I did the BRC in order to get my certificate so that I would not have to take a ride test at the GSP-GA State Patrol office....

I do want to take the Experienced rider course... but probably after I've been on my bike a bit longer... Aug 07 will be a year, and after I've found a parking lot and practiced a figure 8.... get the dimensions of the ERC box this has to be done in...

I believe the ERC will be much more challenging for me as well as providing much more knowledge that I may need when handling my bike...
 

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Discussion Starter · #16 ·
I found these requirements on the ABATE of Indiana website...

Sharp left turn inside the boundaries of a 90 degree (square) corner that is 6 feet wide.
---(I'm assuming an approach of 15-20mph?)

Smooth, non-skidding stop with the front tire inside a box that measures 5 feet wide by 3 feet deep.
---(need to ask them about the braking distance and approach speed)

Weave through 5 cones that are set 12 feet apart with a 2 foot offset.
---(I'm assumng the offset is to the left and the right of the centerline at each 12 foot segment?)

Make a U-turn inside of a box that is either 20 or 24 feet wide (depending on engine size).
---(wondering about speed here as well?)

Stop within a prescribed distance from a speed of 12-20 mph.
---(distance?)

Swerve to avoid a 6 foot obstacle line while remaining within a 6 1/2 foot boundary, at a speed of 12-20 mph.
---(So I'm guessing an approach from the center of the obstacle line, swerving to either side an stopping withing 6.5 feet behind it?)
 

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Discussion Starter · #17 ·
I found these requirements on the ABATE of Indiana website...

Sharp left turn inside the boundaries of a 90 degree (square) corner that is 6 feet wide.
---(I'm assuming an approach of 15-20mph?)

Smooth, non-skidding stop with the front tire inside a box that measures 5 feet wide by 3 feet deep.
---(need to ask them about the braking distance and approach speed)

Weave through 5 cones that are set 12 feet apart with a 2 foot offset.
---(I'm assumng the offset is to the left and the right of the centerline at each 12 foot segment?)

Make a U-turn inside of a box that is either 20 or 24 feet wide (depending on engine size).
---(wondering about speed here as well?)

Stop within a prescribed distance from a speed of 12-20 mph.
---(distance?)

Swerve to avoid a 6 foot obstacle line while remaining within a 6 1/2 foot boundary, at a speed of 12-20 mph.
---(So I'm guessing an approach from the center of the obstacle line, swerving to either side an stopping withing 6.5 feet behind it?)
 

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Experience?

Well, might as weel give you my .02. I have taken both courses here in CA, the BRC is required here no matter how long you have bben riding unless you already have your license. That siad lets go take a peek at the course.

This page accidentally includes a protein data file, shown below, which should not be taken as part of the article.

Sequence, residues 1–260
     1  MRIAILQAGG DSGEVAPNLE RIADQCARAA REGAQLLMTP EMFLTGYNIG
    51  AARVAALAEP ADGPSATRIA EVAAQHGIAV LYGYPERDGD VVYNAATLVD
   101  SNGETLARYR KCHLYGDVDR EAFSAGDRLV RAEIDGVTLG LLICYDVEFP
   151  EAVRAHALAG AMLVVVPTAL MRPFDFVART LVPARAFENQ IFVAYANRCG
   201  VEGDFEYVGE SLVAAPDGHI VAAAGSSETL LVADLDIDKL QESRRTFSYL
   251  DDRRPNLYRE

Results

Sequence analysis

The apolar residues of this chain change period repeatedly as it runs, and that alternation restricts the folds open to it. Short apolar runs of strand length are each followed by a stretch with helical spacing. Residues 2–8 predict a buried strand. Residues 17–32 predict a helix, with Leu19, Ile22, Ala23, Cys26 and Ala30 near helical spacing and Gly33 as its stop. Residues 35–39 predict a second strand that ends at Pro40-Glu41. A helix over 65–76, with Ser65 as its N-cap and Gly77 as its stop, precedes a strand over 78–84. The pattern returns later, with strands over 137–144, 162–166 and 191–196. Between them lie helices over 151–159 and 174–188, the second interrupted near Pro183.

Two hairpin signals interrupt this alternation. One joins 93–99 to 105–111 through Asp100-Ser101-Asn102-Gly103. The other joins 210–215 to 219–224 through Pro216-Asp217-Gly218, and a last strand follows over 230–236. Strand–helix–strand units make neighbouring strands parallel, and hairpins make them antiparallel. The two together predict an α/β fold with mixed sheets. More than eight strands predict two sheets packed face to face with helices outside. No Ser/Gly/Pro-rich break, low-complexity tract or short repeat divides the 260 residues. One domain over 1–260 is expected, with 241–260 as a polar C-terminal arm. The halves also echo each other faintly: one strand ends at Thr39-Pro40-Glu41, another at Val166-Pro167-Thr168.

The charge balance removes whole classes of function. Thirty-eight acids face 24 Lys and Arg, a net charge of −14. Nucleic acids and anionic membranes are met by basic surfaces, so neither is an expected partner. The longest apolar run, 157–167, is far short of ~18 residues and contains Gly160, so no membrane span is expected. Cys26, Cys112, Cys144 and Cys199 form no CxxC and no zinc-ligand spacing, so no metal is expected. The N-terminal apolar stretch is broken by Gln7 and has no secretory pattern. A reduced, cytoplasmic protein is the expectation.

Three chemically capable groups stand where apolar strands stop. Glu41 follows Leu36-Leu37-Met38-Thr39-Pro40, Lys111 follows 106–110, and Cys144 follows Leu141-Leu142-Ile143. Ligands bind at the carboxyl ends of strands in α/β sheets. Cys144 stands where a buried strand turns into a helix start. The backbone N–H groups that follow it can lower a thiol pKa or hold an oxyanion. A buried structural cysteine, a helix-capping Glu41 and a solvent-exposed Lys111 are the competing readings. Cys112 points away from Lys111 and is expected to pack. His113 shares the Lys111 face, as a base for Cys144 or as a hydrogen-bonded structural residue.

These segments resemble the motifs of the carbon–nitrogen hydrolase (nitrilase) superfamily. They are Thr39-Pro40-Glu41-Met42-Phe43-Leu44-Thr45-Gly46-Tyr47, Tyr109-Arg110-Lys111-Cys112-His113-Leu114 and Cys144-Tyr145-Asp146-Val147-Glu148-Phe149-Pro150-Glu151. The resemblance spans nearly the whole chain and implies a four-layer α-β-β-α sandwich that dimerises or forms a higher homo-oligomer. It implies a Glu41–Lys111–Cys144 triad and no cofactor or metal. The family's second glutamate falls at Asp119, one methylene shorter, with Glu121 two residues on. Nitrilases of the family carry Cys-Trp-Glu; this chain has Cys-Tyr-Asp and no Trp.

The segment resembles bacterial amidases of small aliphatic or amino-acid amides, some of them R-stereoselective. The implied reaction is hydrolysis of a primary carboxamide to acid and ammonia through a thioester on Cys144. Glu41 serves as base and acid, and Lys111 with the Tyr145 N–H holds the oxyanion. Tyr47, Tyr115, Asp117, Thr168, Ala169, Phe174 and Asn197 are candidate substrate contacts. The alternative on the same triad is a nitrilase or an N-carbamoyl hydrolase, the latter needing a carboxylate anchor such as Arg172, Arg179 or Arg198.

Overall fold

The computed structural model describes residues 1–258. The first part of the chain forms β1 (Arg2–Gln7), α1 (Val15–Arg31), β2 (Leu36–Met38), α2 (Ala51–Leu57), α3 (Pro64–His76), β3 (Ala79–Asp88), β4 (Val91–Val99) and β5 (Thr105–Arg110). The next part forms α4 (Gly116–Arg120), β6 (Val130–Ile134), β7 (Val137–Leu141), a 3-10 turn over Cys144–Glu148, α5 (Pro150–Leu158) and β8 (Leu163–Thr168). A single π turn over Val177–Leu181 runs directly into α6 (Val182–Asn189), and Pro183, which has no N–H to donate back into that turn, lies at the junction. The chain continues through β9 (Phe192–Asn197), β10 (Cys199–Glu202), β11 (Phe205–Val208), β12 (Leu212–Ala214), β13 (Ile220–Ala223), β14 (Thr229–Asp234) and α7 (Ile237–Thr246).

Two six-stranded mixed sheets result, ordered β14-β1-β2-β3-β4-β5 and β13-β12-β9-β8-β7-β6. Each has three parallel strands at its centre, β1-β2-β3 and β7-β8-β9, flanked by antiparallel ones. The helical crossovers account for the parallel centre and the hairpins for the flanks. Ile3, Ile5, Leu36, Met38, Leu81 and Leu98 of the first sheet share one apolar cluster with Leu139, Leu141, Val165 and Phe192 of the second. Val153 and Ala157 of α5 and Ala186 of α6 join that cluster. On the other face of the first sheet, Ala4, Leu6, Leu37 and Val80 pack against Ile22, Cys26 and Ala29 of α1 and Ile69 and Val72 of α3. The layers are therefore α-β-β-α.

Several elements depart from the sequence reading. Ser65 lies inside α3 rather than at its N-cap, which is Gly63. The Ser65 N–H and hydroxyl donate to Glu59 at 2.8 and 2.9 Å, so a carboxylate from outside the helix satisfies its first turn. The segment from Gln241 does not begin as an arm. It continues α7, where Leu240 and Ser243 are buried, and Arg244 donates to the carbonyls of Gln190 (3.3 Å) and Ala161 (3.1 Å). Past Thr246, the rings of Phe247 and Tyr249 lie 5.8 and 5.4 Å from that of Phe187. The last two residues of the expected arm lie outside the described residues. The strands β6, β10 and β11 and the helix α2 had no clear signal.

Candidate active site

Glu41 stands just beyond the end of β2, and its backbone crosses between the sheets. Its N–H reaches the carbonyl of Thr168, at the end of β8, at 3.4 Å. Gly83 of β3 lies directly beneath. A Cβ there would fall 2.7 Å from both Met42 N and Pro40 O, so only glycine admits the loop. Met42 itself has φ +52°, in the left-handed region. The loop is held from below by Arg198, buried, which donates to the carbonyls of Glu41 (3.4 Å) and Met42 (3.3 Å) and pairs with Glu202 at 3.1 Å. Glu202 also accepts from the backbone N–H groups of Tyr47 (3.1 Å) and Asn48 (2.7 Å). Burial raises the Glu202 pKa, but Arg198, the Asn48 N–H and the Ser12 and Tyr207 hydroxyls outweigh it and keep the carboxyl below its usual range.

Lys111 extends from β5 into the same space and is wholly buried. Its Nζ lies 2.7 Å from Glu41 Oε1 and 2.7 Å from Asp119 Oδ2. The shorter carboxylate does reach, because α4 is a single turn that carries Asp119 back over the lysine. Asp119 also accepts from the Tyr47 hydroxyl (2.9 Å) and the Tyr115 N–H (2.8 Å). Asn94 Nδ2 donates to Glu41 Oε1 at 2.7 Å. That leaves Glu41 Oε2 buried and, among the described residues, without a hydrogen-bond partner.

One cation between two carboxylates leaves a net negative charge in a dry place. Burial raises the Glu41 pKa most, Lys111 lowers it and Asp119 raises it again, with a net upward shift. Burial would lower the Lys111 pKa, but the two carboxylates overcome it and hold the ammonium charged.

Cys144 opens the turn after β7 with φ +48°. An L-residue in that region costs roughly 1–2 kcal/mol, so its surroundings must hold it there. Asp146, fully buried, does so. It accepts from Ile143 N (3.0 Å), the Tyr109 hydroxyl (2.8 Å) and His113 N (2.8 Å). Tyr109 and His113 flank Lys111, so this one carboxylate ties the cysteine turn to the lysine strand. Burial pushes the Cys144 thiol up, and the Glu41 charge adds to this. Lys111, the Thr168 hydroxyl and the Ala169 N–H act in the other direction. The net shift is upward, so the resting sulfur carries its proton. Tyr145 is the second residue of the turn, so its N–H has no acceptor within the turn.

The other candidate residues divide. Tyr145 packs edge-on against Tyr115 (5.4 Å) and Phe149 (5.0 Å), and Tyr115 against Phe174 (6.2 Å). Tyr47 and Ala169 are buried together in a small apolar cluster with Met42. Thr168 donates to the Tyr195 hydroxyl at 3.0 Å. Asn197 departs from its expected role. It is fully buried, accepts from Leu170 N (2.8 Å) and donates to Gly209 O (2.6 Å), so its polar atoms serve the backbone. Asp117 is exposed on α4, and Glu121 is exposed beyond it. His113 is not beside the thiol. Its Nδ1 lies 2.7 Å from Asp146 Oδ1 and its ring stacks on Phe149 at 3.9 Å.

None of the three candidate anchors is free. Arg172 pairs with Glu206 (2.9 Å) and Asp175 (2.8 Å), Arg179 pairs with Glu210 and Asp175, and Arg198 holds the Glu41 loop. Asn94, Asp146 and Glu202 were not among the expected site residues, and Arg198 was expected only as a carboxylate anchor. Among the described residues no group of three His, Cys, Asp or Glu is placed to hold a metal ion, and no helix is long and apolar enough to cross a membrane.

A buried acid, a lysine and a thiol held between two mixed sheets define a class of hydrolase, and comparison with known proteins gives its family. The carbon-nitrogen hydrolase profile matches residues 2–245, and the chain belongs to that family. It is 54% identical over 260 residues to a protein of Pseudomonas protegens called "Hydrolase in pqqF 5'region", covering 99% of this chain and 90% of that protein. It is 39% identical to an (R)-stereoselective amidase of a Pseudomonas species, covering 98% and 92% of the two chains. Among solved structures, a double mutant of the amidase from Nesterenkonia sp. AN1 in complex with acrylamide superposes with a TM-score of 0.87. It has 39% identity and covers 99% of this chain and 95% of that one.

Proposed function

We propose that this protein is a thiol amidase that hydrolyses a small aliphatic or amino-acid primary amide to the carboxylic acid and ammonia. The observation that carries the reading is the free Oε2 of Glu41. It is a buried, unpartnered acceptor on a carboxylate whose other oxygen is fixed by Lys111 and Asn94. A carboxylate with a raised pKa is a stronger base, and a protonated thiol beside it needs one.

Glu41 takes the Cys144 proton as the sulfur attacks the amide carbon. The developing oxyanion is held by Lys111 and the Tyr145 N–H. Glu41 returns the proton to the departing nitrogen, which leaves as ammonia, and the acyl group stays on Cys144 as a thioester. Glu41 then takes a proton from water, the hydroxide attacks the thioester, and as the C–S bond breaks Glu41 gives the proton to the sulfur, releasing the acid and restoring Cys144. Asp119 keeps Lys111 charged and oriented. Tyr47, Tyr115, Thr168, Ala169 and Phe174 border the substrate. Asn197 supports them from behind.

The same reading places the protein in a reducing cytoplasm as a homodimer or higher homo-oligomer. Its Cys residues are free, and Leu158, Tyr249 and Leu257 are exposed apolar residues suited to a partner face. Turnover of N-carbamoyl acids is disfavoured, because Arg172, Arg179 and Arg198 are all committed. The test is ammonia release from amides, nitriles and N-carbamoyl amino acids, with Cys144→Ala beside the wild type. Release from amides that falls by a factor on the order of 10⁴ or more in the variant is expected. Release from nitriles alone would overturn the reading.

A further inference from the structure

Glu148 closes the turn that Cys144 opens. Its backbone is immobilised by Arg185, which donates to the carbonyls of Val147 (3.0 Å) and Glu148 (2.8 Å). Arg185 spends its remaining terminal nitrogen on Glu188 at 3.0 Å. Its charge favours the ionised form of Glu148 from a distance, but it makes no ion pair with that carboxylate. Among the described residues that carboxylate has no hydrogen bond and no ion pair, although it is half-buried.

You have an 1800, I took my ARC on a vstar 650 and I had difficulties, not the course, but 25 years of reinforced bad habits. I hope you dont have the same.

Dont sweat the course materials as much as paying attention and doing exactly what you are told to do, They will wash youif you dont give it a good college try and pay attention. That is the key.

I personnally recommend you take the BRC as it is usually given on small bikes you dont need to sweatbreaking, they belong to the course folks and are usually bashed as it is.

Oh, and If you really like your 1800 and it is really nice looking, I would find some other bike to ride on the course, You can do more damage at low speeds in their exercises than all your riding experience put together.

This said just to advise.

So, summary, Pay attention to the instructor, not the babes taking the course. do exactly what you are told, listen and ask questions when told you did something wrong. And above all don't look like you are enjoying the course, You may get a second helping.

Ride safe, be educated!!!

notofthisworld
 

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A few months ago I had to take the Advanced Riders Course to be able to ride my bike on base.....(by day I'm a cell phone guy, and most of my stores are on bases)

I found that ACTUALLY I was able to outperform the sport guys in the figure 8 box, given the lower center of gravity and the smoother steering helped a LOT in the slaloms.

BEFORE YOU TAKE IT, go somewhere and practice shutting down HARD from 20 MPH, mark off somewhere a 20X20 box and do figure 8s inside the box (you'll be hanging off the outside of the saddle "counterbalancing" and barely clutching, but you'll do it :) )

You're an old dirt biker like me, so get away from 2 fingering the levers before you go...they'll eat your face of for that.

Get in the habit of keeping your head up and looking through the turn...us dirtbike guys tend to watch for ruts and stuff right in front of us instead of looking through and outta the turn....

You MIGHT have an issue with grinding your pegs on the tighter slaloms, but best of all HAVE FUN!

It's a really fun course that you'll find yourself itching to practice the next exercise as they're setting it up.

OH.... 06 C model 1800 here....you'll be FINE! :)

TJK
 

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Just remember....when you go out of the box on the figure 8 you get 5 points...so if you go out, go WAY out...its still just one time out of the box ;-)